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Recovery seen in various industries – PM

The Saigon Times

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HCMC – Prime Minister Pham Minh Chinh today, March 14, highlighted positive improvements across a range of industries as he addressed a conference on monetary policy for fostering economic growth.

The year 2023 ended on a positive note, with the macroeconomy stabilized, inflation controlled, and economic growth sustained, he said.

He noted that fundamental monetary stability had been achieved, public debt put under control, and prudent budget expenditure maintained.

As a result, the Government was able to save VND560 trillion, which would be allocated for salary reforms starting July 1, 2024, including plans to increase minimum wages in the non-state sector. These measures are aimed at enhancing social security and improving people’s lives.

The Government remains committed to prioritizing anti-corruption efforts and bolstering national defense and security to achieve significant milestones in foreign affairs and international integration.

Despite the promising economic rebound seen in early 2024, the PM warned against global economic uncertainties. On the domestic front, credit growth has remained sluggish, leading to excessive liquidity in the banking system.

Credit in the first two months of 2024 declined compared to the end of 2023, according to data from the State Bank of Vietnam (SBV). As of February 29, total outstanding loans had decreased 0.72% over December 2023.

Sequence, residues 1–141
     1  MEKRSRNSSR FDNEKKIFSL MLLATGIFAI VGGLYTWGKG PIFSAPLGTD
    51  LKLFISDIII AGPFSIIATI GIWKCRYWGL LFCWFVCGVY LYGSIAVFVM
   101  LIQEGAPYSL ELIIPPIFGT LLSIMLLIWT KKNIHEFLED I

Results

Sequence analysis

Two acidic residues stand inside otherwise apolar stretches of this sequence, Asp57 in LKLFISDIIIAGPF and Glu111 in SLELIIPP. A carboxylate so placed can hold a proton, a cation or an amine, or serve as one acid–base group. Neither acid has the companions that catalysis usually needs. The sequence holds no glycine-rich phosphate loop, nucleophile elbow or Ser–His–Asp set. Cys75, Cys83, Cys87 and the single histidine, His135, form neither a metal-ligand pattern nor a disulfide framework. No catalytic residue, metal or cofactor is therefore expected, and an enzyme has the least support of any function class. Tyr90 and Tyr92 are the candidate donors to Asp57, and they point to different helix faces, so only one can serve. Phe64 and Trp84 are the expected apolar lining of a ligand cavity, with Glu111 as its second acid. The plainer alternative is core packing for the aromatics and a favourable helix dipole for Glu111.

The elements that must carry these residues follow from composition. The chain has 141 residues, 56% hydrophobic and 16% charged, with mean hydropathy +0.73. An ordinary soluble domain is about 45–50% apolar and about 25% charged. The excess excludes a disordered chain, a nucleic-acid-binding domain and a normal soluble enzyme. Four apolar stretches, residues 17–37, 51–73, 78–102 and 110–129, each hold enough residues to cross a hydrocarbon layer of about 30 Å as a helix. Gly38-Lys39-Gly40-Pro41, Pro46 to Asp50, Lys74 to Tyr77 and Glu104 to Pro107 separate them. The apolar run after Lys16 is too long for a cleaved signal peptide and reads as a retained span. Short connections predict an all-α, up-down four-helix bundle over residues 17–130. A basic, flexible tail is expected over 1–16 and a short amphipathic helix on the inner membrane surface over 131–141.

The State Bank of Vietnam (SBV) reported a decrease in deposit and lending rates. The average deposit rate for new savings at commercial banks dropped to 3.3% per year, down by 0.2 percentage point from December of the previous year.

Lending rates for new loans have decreased, now standing at 6.4% per year, a decline of 0.7 point over late 2023. However, interest rates on existing loans remain high.

The SBV reported that outstanding loans for most industries of the economy slid in the first two months of the year, except for the real estate sector, which edged up by 0.23% over December, and the securities sector, which improved by 2.56% over December.

This deceleration in credit growth is attributed to low demand and limited capital absorption in the economy. Inflation pressures, rising material prices, and a lack of orders have led many businesses to downsize or halt operations.

High input costs and production costs have made loans less appealing, prompting businesses to save more and borrow less. Real estate loans, which account for 21% of total outstanding loans, can significantly influence overall credit availability when they fluctuate.

Certain customer groups, particularly small and medium-sized enterprises (SMEs), still have difficult access to bank loans due to limited collateral, capacity, or inadequate business plans. Banks remain cautious due to the increasing amount of bad debt.

Unresolved issues in the bond and real estate markets further impede access to capital.

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